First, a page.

Inforgraphic of rural health care stats (Click to enlarge)

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Rural residents are less likely to describe themselves as beingin good health than their urban and suburban counterparts, and theyface more challenges when accessing health care, accordingto a national consumer survey bythe Transamerica Center for Health Studies.

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Rural America is becoming a medical desert, with more than 125U.S. rural hospitals closing in the last decade, the report states. And the COVID-19 pandemic is exacerbating the situationand raising concerns about the accessibility of health care inrural areas.

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Related: States scramble to address the ongoing rural healthcare crisis

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"Even before COVID-19, many rural residents faced health andhealth care-related risks. The pandemic greatly magnifies theserisks. At a societal level, more can and should be done to enhancethe accessibility and affordability of health care," ChristopherWells, national program manager for TCHS, said in a press release."At an individual level, it is extremely important that ruralresidents be hypervigilant in safeguarding their health and followthe CDC's recommendations for taking precautionary measures, suchas social distancing, wearing a mask, and frequent handwashing."

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According to the report, 69% of rural residents describe theirhealth as excellent or good, compared to 80% of urban residents and78% of suburban residents. Another 69% of rural residents have beentold by a health care provider that they have a health conditionsuch as depression, high blood pressure, arthritis or obesity, a rate higher than urban residents(66%) or suburban residents (64%). And 31% of rural residents havebeen told they have a mental health condition, compared to 24% ofsuburban residents and 29% of urban residents.

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Of concern, the report states, is the 19% of rural residents whohave no health insurance, a rate far greater than the 10% of urbanresidents and 11% of suburbanites. And three in four ruralresidents, 75 percent, say they are able to afford routine healthcare expenses such as insurance co-pays, deductibles andout-of-pocket expenses,  which is lower than reported byurban (82%) and suburban residents (85%).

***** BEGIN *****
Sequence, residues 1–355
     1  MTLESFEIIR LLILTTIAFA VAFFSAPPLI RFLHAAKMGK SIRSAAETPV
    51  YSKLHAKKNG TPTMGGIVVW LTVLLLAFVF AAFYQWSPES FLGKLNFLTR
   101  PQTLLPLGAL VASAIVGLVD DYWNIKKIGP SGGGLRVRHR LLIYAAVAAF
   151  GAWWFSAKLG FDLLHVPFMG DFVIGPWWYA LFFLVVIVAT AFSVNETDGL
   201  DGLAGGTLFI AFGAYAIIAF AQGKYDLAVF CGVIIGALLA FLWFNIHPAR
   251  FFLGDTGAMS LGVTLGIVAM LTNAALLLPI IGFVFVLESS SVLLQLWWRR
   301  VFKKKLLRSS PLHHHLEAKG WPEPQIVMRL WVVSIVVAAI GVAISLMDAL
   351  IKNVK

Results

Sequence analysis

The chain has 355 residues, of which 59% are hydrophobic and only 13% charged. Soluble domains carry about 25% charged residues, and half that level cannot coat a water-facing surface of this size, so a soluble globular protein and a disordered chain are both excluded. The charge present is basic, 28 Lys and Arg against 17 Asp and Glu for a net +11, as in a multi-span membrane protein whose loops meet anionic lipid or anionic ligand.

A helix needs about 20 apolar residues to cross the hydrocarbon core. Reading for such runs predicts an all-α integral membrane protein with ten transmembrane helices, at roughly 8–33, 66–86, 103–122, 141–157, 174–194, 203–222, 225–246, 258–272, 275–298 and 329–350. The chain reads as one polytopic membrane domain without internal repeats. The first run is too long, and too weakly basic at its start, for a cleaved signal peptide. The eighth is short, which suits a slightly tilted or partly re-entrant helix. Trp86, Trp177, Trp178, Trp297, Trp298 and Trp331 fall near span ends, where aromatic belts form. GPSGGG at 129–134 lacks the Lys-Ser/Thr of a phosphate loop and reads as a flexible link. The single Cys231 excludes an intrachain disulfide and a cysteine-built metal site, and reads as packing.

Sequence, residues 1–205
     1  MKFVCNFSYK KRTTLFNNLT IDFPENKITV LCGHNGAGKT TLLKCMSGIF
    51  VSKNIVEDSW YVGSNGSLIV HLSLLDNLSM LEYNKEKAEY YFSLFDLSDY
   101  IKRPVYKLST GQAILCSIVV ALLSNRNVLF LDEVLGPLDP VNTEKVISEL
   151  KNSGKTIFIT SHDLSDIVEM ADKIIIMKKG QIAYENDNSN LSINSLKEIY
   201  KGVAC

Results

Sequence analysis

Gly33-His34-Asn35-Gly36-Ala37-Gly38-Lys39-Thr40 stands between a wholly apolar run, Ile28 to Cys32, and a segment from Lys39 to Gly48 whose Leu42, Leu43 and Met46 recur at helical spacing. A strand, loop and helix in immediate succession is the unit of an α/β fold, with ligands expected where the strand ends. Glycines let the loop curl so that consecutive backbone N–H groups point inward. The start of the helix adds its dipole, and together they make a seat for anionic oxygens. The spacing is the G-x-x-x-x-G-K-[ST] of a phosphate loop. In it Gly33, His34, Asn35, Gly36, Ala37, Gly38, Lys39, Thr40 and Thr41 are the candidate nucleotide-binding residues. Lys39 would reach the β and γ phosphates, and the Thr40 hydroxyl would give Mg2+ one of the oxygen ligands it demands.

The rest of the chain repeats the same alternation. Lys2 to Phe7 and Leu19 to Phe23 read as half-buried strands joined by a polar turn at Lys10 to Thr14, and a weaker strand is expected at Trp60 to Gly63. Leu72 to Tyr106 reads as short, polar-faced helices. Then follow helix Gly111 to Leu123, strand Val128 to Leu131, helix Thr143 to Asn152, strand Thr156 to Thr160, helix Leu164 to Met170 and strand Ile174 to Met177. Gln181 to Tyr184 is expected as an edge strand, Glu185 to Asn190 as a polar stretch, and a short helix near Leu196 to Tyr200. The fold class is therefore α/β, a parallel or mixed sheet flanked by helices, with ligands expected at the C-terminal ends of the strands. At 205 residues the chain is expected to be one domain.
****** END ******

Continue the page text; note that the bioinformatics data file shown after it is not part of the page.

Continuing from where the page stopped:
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Rural residents also report making fewer health care visits,with 70% visiting a doctor's office in the past year, compared to75% of urban residents and 74% of suburban residents. And fewerrural residents are saving for health care in flexible spendingaccounts, health savings accounts or bank accounts, 24%, comparedto 38% of urban residents and 34% of suburban residents.

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Despite the significant divide, there is plenty that can be doneto close the gap, according to the report's authors, both byemployers and policymakers.

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"Employers across all regions of the country play a crucial rolein providing workers with health insurance coverage and workplacewellness programs, but in rural areas, this is happening to alesser extent," Wells said.

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Employers in rural areas should ensure that they're offering thebest possible health care plans and prices for their workers andoffering a number of plan options, and take steps to encourageenrollment. They should also make an effort to offer and encourageparticipation in wellness programs and activities and create anemployee culture that emphasizes health and healthy behaviors.

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The report's recommendation to policymakers include addressingthe lack of medical facilities and medical professionals in ruralareas by revisiting the distribution of federally qualified healthcenters and introducing better incentives for medicalprofessionals  to train and practice in those areas. Andthe report called for providing and subsidizing more broadbandinternet access and expanding telemedicine services in low-incomeand rural communities.

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Health care can be improved in rural areas byaddressing transportation barriers with pooled orsubsidized transport, according to the report. It also called forrevisiting the implications of Medicaid expansion and its potentialassociation with viability of rural hospitals.

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Charles Toutant

Charles Toutant is a litigation writer for the New Jersey Law Journal.